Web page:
Razer has officially decided to step into the productivity scene
with the Razer Book 13 and it’s been a long time coming. For the past several years, Razer has touted the Blade lineup as something you can use for work and play, but they’ve never made anything that was dedicated solely for everyday work, until now.
Sure there have been previous attempts, such as the original
Razer Blade Stealth. But that model was still intended for gaming, and the glowing green logo made it look completely unprofessional. The Razer Blade Studio was another attempt, yet it was more geared towards creators and graphics professionals and was awfully expensive.
The Razer Book 13 is meant for everyone else – that is, those that aren’t heavy gamers or creators. It does so in a good way, because it’s more affordable than the other alternative that Razer offers, yet still contains a lot of the hardware and features that most users would want. It also looks like something you’d want to carry around the office, which is a minor gripe I have against their Blade lineup,
as a Blade 15 owner and user.
I only got to spend a couple weeks with the Razer Book 13, but it was plenty of time to get in all my testing and formulate a solid opinion on the model. There was also a little mix-up with the model I initially received, so I did get to review two of the three choices: the FHD touch and UHD touch models.
I’d say you can’t go wrong either way, but I think the real value lies in the FHD model and I’ll explain why in the details below.
Specs as reviewed
Razer Book 13 UHD+ Touch – 2020
Screen 13.4 inch, 3840 x 2400 px, 16:10 aspect ratio, IPS equivalent, 60 Hz, touch with Gorilla Glass 6 and anti-reflective coating
FHD+ touch and FHD+ matte screen options also available
Processor Intel 11th
th Gen Ice Lake i7-1165G7 CPU, quad-core 2.8 GHz (4.7 GHz boost)
Video Intel Iris Xe Graphics (28W)
Memory 16 GB LPDDR4 4267Mhz (soldered)
Storage 512 GB M.2 NVMe (Samsung PM981 MZVLB512HBJQ)
Connectivity Intel Wireless-AX 201 Wifi 6, Bluetooth 5.0
Ports 1x USB-A 3.2, 2x USB-C with Thunderbolt 4, HDMI 2.0, headphone/mic
Battery 55 Wh, 65 W charger
Size 295.6 mm or 11.6” (w) x 198.5 mm or 7.8” (d) x 15.15 mm or .6” (h)
Weight 1.40 kg (3.09 lbs)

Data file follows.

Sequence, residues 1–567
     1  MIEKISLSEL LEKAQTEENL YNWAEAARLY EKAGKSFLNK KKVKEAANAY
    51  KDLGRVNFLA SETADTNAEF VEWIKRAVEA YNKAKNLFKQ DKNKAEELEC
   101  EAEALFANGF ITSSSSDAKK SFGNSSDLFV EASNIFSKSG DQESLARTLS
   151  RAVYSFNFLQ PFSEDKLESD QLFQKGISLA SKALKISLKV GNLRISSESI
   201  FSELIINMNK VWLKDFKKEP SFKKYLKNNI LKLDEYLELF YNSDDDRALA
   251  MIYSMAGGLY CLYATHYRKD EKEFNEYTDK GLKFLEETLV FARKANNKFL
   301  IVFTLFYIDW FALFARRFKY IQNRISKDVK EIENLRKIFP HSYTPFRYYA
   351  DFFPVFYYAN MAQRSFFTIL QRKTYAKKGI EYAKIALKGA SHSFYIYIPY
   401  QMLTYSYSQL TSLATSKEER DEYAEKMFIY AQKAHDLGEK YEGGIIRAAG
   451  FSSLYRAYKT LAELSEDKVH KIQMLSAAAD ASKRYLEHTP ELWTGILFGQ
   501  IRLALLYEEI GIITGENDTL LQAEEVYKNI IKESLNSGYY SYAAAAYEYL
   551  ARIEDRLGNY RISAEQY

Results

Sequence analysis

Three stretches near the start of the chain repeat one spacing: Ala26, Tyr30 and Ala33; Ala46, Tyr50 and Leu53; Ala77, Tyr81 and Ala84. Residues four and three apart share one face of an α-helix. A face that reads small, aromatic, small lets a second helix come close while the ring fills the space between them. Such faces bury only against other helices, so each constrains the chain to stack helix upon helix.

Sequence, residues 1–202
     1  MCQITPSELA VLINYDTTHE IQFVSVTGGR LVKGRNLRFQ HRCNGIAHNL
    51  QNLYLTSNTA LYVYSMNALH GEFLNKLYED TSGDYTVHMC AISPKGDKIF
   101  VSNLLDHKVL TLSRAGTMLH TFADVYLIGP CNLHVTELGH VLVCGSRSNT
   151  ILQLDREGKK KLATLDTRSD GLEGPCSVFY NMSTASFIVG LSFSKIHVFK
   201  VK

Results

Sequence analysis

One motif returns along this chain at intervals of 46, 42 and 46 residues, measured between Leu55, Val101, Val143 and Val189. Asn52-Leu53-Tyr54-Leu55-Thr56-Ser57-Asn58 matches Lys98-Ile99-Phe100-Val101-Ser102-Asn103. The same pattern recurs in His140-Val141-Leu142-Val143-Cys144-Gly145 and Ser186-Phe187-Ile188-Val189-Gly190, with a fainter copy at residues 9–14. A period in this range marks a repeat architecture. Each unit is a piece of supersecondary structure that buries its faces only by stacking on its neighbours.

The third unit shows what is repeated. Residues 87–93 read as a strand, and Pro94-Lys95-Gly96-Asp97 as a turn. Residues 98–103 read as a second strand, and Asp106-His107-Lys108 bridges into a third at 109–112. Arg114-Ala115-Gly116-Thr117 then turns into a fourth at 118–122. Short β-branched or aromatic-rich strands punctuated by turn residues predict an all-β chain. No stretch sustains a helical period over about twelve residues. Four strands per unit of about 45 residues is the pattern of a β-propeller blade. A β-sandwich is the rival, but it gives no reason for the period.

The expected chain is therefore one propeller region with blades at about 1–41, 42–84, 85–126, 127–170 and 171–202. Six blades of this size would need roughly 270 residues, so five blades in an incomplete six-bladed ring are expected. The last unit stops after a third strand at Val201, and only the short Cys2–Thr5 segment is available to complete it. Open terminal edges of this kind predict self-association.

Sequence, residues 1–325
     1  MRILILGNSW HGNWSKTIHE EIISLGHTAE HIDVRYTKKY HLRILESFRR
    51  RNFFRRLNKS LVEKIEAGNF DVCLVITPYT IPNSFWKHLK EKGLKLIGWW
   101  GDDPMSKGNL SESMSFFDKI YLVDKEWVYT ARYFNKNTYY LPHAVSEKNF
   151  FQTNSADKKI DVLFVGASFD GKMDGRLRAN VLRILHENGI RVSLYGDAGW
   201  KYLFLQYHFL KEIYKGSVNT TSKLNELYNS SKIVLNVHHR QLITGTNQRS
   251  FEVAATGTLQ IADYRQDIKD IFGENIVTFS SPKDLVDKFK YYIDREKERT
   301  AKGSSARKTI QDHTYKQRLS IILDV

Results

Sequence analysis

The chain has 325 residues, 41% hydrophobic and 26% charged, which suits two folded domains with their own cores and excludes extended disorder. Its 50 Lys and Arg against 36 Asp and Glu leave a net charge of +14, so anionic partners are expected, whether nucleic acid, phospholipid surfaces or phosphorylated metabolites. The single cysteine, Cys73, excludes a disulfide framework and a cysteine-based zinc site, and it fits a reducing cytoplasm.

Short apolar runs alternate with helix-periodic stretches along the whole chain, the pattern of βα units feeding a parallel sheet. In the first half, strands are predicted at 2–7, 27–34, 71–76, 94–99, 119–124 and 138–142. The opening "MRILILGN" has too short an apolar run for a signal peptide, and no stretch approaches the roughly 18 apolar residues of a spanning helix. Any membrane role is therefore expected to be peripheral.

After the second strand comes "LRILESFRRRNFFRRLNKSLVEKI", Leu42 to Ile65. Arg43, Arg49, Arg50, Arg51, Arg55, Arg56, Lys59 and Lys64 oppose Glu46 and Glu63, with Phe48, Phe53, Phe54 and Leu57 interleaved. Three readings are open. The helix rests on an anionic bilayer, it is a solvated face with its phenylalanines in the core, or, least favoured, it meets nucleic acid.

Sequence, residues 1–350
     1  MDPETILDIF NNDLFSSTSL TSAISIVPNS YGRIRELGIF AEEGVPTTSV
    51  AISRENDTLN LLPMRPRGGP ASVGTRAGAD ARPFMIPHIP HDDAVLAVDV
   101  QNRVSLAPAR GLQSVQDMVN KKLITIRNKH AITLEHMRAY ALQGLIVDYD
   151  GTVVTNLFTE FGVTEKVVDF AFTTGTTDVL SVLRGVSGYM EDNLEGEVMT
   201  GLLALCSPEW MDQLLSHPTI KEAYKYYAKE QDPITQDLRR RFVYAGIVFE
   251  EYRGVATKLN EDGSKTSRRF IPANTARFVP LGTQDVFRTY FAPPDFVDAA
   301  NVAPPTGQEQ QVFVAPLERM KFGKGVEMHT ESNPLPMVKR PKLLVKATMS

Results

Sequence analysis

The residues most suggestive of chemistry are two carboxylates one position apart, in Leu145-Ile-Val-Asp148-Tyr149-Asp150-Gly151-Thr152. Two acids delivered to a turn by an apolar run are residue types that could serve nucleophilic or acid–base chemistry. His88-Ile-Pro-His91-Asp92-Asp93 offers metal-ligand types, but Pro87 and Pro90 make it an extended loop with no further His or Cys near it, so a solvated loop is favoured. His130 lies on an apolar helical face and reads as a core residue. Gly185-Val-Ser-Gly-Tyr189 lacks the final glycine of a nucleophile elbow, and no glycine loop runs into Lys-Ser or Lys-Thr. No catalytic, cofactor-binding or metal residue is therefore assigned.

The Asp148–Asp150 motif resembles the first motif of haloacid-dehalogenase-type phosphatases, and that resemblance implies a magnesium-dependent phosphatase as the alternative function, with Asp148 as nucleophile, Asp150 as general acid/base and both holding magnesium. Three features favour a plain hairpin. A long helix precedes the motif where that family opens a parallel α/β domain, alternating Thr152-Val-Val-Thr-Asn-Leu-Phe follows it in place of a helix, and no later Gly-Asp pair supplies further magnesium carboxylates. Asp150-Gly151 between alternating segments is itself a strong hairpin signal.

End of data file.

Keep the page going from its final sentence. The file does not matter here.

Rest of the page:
Extras Chroma RGB keyboard, large clickpad, HD Windows hello webcam, stereo speakers, microSD card reader
Design and ergonomics
The design of the Razer Book 13 is very familiar, as it’s extremely similar to the Razer Blade Stealth. It’s slightly smaller in width and depth, but if you’re not putting both models side by side, it would be pretty easy to mistake this model for the other (especially since they had a mercury white color on their models Stealth 13 last year).
This being Razer’s first official productivity notebook, part of me was expecting something more, such as a 360-degree hinge or maybe even pen input. But considering how well received the Stealth model is, it makes sense for them to replicate what has worked in the past.
The build quality of the laptop is just what I was expecting: excellent. The unibody design is very sturdy, as it’s made from a single piece of aluminum. The design is very rectangular, but the balance and symmetry are ideal for carrying and handling purposes.
The lid is pretty plain, with the exception of a lightly embossed Razer logo. Now, I’ve praised this design with the Stealth model, as I really appreciate it more than their glowing green logo that is on the Blade 15 and 17. But I feel like I should be more critical with them on this model. If this is indeed expected to be used in the professional environment as a productivity device, Razer should realize that most people still have no clue what that logo is. I would much rather have preferred a clean lid, but would accept a smaller graphic, or better yet text, logo in the corner. It just reduces the number of questions you get from people. Maybe Razer wants that attention, but I do not – which is why I always put a wrap on my Razer laptop after I purchase it.
Lifting the lid can be done with a single finger, however, you’ll be hard-pressed to do it correctly on a regular basis. It’s not the hinge, but the finger cutout that’s the problem. I typically just use two hands on the corners to peel it open. The good news is the hinge is really strong and feels premium, especially since you may want to use that touchscreen.
Once open, you’ll immediately notice the very tiny bezels surrounding the 13.4” screen. More on that later, but you’ll also notice a tiny Windows Hello webcam, located centrally above the screen. There’s a Razer logo on the bottom center, but it’s almost impossible to see unless the room is very bright. Very subtle – very nice!
The main chassis includes a properly sized keyboard, with a very large trackpad for a 13” device. Flanked on both sides of the keyboard are a pair of upward-facing speakers. The power button is located on the upper right, where the delete key typically is.
As far as the ports and I/O go, this is a pretty minimalistic laptop. But it does have all the most important stuff. On the left edge, you have a Thunderbolt 4 USB-C port, a single USB-A 3.2 port and a headphone/microphone combo.
On the right side, you have another Thunderbolt 4 USB-C, an HDMI 2.0 port, and a microSD card reader. To be honest, I would rather have had another USB-A port over the microSD, but I’ll take it. By the way, both of these USB-C ports can be used for charging.